The curious case of Anisota stigma (or is it manitobensis?)

One of the more rewarding aspects of photographing/collecting Lepidoptera is the occasional discovery of a species new to an area (and/or well outside it’s known range). Such is the case with Spiny Oakworm Moth (Anisota stigma). Or is it the Manitoba Oakworm Moth (A. manitobensis)? Both of them belong to the Lepidopteran Family Saturnidae (discussed in the previous blog post) which we are adding to our website later this spring.

Back in 2005 (July 15 to be exact) Barbara and Loren Padelford discovered and photographed an interesting moth at Smith Falls State Park which was determined to be a Manitoba Oakworm Moth which had not yet been found in Nebraska. This was quite a discovery as according to the Moth Photographers Group website the nearest record of this moth to Nebraska was in southern Manitoba, some 600 miles distant.

Anisota stigma, Smith Falls State Park, Cherry County, BP

In researching the genus Anisota we discovered a record of a sibling species (A. stigma) from Brown County (probably the Niobrara Valley Preserve) by Roy Beckemeyer on July 22, 1998. This was also quite a find as the other nearest records were from eastern Iowa or Oklahoma, both also roughly 600 miles distant. At this point I thought maybe I should look at the moths I had collected over the years from the Niobrara Valley Preserve to identify at a later date. Lo and behold there was another Anisota (which looked like A. stigma), also from Brown County in 1998 (July 2).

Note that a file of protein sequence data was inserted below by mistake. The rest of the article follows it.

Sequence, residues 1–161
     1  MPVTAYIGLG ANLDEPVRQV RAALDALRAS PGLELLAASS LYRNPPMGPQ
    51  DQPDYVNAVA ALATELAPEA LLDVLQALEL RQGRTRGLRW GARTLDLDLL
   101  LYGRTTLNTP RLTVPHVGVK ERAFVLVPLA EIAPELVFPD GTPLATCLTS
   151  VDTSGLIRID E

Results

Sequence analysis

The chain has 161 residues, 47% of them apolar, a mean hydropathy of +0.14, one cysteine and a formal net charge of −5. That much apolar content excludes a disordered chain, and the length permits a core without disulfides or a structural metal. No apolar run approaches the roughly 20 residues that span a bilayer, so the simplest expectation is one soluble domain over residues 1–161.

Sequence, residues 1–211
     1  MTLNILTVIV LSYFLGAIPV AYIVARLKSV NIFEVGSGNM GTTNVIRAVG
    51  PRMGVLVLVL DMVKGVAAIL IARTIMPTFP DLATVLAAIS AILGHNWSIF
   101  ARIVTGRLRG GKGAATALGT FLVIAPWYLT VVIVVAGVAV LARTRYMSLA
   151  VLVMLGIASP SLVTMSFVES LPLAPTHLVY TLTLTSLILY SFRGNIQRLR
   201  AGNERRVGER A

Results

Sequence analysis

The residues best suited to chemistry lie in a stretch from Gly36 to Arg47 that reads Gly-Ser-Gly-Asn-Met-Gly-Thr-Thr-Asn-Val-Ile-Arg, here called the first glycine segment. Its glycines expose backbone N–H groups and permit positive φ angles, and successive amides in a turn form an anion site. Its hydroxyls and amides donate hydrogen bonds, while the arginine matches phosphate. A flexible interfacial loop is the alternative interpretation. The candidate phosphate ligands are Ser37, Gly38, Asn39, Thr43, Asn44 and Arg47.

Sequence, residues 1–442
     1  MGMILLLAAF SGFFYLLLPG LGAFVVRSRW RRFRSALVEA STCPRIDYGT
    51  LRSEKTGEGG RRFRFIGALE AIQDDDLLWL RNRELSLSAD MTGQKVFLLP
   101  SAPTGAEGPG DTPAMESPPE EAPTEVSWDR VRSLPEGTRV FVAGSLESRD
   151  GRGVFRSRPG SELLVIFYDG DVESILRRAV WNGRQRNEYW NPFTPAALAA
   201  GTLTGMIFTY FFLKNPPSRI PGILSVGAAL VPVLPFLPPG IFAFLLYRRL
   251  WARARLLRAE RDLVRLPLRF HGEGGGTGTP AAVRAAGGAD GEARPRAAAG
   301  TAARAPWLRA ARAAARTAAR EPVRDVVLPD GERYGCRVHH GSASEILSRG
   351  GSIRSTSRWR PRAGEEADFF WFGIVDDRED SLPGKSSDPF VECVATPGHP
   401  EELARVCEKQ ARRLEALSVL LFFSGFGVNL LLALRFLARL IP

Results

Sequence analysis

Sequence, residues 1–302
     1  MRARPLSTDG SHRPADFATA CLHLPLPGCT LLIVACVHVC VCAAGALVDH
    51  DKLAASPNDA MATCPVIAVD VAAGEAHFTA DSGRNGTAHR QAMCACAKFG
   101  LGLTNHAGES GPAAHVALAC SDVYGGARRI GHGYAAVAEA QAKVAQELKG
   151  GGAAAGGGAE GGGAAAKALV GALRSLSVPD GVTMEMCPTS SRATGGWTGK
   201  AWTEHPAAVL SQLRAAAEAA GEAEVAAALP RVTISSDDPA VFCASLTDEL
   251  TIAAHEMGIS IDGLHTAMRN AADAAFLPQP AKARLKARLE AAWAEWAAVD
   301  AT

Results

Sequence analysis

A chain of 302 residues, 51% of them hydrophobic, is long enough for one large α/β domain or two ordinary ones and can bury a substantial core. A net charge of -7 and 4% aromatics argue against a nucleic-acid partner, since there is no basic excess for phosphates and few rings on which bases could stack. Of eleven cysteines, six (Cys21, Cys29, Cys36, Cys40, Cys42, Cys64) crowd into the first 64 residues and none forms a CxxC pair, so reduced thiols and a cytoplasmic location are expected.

Anisota stigma? Niobrara Valley Preserve, Brown County, NE. July 2 1998

At this point we sent pics of my Niobrara Valley Preserve and the Padelford’s Smith Falls specimens to Dr. James Tuttle (North American Saturnid Moth expert). He was quite surprised to find either species in Nebraska but was of the opinion that the NVP specimen was A. stigma. He was also on the fence as to whether these are two species or one and suggested DNA analysis might be needed to make a clear determination (if that was indeed possible). To that end I donated my specimen to the UNL collection where it is available for future research. There have been no records of these moths for nearly 20 years, although this might be the result of not looking for them.

Finding these moths in north-central Nebraska was surprising in that there are no records nearby. On the other hand, it is somewhat surprising (to me anyway) that there are no other records for the state even though the larval stage of both “species” feed on oaks which are widespread across eastern Nebraska. So, look back through your old moth pictures and collections. Maybe there are more “treasures” there waiting to be discovered. Let us know what you find at

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